You shouldn’t drive for at least a month after your surgery. You don’t need to tell the DVLA unless you drive a bus, coach or lorry. But don’t start driving again until you’ve checked with your surgeon. It’s a good idea to check your motor insurance policy too.

After open-heart surgery, it may be safe for you to fly after about 10 days. But this will depend on which type of surgery you’ve had and how well you’re recovering. Ask your surgeon for advice. You should also check your airline’s policy.

Contact the surgical ward if you have:

  • increasing tenderness or redness round your wound
  • persistent bleeding or pus coming from your wound
  • a high temperature or fever, especially if you’re losing weight or not feeling hungry
  • new or severe heart palpitations (a sensation of a skipping or thumping heartbeat)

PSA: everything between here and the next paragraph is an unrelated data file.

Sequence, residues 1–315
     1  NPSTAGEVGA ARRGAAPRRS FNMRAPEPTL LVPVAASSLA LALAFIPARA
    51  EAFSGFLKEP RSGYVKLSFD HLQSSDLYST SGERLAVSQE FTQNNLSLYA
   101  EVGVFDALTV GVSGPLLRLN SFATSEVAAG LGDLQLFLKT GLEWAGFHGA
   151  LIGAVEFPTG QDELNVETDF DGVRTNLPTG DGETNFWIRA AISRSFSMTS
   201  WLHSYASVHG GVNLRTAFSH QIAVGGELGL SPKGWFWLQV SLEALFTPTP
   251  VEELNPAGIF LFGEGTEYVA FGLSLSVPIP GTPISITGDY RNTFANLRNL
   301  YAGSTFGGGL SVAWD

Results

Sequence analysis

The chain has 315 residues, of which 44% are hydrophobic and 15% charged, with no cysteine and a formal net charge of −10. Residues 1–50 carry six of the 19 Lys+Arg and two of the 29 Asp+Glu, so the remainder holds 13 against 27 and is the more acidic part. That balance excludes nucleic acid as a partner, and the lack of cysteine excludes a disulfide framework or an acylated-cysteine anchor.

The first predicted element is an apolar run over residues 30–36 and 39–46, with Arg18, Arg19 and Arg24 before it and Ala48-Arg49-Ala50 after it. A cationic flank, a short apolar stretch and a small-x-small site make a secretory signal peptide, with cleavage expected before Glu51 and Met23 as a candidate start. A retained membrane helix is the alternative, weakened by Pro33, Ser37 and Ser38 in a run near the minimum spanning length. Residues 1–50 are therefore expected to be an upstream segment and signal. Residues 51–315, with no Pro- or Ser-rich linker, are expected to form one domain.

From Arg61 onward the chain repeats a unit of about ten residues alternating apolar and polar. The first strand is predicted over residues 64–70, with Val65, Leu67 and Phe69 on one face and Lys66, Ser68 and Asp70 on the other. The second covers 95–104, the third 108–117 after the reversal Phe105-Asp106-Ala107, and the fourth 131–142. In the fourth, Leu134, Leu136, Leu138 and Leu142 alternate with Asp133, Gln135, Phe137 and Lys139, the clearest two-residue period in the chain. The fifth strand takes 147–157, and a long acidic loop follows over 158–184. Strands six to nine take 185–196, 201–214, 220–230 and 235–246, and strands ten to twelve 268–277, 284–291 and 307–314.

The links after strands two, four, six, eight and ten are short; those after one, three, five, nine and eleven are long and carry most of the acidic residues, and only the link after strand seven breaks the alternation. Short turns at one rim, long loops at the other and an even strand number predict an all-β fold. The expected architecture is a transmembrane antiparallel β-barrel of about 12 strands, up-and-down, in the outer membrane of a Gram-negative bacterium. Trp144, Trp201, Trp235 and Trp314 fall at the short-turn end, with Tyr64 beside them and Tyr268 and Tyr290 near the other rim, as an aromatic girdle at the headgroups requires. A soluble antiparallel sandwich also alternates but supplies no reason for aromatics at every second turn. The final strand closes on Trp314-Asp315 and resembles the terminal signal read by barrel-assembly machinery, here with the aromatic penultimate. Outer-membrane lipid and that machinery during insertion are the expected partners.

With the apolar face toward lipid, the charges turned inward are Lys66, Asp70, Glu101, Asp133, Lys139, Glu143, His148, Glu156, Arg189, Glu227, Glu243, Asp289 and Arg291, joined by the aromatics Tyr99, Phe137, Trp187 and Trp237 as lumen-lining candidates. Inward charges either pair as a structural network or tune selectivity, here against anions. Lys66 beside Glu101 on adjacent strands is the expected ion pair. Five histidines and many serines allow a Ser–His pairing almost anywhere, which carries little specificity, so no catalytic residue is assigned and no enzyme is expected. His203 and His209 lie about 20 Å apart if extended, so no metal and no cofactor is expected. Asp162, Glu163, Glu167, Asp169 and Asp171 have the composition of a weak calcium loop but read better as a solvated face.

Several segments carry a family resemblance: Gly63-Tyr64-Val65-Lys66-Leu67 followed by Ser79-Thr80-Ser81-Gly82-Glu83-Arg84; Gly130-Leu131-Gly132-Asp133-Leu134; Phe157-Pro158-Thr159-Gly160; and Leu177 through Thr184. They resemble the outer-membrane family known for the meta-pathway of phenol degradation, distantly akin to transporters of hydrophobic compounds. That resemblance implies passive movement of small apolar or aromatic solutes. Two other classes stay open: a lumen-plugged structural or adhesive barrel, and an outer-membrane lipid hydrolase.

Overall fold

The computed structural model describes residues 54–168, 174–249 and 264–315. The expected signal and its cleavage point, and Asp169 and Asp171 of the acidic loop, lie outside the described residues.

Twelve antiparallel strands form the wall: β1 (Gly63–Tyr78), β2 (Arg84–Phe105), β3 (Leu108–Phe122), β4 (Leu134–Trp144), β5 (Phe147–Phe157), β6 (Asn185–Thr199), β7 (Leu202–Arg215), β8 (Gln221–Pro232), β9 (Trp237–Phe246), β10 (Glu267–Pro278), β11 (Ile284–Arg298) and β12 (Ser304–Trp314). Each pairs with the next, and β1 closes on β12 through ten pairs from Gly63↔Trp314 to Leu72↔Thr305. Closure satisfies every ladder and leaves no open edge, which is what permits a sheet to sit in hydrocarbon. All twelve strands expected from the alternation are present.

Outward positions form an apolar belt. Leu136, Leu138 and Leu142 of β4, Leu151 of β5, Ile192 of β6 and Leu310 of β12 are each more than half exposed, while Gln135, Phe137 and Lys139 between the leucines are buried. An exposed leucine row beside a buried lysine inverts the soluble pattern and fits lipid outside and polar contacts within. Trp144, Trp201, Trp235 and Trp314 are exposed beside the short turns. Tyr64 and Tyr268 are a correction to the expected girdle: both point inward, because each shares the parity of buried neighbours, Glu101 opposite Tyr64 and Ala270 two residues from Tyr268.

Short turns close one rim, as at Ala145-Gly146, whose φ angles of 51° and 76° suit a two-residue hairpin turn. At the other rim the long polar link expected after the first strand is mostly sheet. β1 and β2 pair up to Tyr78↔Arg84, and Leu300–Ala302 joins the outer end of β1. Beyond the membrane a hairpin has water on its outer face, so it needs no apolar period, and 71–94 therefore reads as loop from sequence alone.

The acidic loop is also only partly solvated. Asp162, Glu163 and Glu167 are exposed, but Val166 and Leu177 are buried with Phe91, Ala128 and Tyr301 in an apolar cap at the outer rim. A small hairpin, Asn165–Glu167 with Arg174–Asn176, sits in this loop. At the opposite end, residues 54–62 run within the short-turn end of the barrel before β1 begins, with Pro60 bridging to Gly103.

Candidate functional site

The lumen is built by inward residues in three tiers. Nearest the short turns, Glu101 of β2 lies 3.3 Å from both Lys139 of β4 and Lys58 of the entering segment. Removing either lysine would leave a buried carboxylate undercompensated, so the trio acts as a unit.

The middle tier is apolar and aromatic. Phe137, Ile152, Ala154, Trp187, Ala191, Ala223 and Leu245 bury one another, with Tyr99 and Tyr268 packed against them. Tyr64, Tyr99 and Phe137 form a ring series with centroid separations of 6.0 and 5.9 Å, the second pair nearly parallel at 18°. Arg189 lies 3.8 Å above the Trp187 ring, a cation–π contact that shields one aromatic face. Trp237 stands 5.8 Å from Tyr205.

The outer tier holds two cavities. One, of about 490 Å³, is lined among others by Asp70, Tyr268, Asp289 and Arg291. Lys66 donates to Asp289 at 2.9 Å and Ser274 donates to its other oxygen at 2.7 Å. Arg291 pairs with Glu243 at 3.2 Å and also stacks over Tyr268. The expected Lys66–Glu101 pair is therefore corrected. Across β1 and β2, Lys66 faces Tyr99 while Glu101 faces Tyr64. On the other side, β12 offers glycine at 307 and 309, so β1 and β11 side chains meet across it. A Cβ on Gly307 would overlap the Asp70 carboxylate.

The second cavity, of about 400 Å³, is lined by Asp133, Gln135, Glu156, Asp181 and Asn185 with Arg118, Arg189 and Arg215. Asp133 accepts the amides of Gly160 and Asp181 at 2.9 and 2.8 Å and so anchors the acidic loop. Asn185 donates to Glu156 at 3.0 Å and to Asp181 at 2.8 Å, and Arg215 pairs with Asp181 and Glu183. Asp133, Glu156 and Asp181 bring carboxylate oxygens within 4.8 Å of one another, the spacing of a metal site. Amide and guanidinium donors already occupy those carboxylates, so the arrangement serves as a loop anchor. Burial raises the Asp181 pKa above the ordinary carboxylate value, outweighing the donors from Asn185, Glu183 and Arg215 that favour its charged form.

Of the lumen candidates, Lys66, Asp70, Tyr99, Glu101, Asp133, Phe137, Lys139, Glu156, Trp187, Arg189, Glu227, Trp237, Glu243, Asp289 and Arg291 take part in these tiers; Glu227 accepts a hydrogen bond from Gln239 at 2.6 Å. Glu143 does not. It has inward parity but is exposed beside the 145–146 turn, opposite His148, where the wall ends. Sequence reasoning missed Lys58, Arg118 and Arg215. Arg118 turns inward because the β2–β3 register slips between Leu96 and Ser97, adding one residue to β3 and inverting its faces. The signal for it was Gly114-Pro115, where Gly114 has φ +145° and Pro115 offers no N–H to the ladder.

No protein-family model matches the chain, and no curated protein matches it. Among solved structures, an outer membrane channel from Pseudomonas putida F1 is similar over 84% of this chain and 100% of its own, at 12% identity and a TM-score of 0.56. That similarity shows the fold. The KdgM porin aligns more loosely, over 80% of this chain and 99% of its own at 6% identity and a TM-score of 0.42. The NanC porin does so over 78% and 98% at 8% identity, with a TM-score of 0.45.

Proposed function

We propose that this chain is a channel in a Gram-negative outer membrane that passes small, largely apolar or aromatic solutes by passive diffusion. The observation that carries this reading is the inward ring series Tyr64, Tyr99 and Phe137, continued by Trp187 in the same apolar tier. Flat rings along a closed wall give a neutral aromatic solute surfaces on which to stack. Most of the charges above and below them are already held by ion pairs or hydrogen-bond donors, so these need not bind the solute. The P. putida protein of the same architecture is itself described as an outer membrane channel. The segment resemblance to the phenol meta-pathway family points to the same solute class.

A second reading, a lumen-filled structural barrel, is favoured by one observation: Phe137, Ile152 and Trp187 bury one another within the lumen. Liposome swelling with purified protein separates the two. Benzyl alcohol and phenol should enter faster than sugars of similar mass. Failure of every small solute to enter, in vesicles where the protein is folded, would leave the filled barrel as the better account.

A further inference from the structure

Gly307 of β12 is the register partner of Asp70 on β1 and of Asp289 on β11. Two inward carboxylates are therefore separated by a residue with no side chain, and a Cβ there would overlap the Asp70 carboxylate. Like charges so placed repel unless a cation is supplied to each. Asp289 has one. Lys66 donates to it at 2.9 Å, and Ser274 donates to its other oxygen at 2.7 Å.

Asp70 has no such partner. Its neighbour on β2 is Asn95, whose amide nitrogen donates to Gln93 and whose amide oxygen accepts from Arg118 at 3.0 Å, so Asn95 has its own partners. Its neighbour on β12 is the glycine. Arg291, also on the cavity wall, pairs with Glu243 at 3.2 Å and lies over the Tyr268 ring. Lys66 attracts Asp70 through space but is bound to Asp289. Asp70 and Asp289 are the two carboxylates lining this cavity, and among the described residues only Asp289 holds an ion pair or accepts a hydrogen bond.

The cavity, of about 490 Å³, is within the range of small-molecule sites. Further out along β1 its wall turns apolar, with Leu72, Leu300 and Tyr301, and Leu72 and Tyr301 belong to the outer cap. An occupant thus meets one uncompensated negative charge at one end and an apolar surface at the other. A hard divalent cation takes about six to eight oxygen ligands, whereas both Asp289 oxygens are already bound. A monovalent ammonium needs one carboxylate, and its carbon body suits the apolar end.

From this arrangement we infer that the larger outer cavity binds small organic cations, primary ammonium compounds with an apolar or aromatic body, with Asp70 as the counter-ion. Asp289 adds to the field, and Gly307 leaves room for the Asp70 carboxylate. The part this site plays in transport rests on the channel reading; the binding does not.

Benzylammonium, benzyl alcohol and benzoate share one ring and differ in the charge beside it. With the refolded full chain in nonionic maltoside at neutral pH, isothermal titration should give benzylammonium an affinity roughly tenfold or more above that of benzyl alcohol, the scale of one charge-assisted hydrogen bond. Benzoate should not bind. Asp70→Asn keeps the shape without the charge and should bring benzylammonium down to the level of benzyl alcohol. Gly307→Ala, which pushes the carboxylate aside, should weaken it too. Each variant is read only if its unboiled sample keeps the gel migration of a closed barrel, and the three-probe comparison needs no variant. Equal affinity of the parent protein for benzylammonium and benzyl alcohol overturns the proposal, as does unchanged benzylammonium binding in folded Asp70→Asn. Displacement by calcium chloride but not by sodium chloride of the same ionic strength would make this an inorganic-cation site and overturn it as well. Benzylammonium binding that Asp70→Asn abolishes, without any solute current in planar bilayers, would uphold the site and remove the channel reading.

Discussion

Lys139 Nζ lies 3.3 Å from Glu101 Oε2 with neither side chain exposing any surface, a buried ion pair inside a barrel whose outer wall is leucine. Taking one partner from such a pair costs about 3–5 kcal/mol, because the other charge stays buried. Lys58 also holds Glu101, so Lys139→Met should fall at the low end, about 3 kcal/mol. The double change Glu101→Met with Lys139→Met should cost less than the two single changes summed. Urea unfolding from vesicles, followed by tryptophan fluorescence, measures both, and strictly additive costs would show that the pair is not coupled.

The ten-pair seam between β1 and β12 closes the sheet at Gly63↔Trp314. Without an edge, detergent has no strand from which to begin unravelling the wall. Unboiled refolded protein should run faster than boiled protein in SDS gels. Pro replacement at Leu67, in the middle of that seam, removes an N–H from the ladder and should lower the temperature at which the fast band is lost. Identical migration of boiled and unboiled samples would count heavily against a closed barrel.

• difficulty breathing
  • chest pain that’s different from the pain in your wound

Remember you’ve been through a major operation, so expect to have good days and less good days. Be kind to yourself and accept help where it’s offered. Don’t worry if your progress seems slow – you’ll gradually get back to your normal activities and feel well again.

Medicines after heart valve surgery

Talk to your surgeon about which medicines you need to take after your operation.

If you have a mechanical valve replacement, you’ll need to take a blood thinning medicine. This type of medicine is called an anticoagulant – the most common one is warfarin. You’ll need to take this for the rest of your life to stop blood clots forming around your new valve.

If you have a tissue (biological) valve replacement, you usually only need to take anticoagulant medicines for a few months after your operation.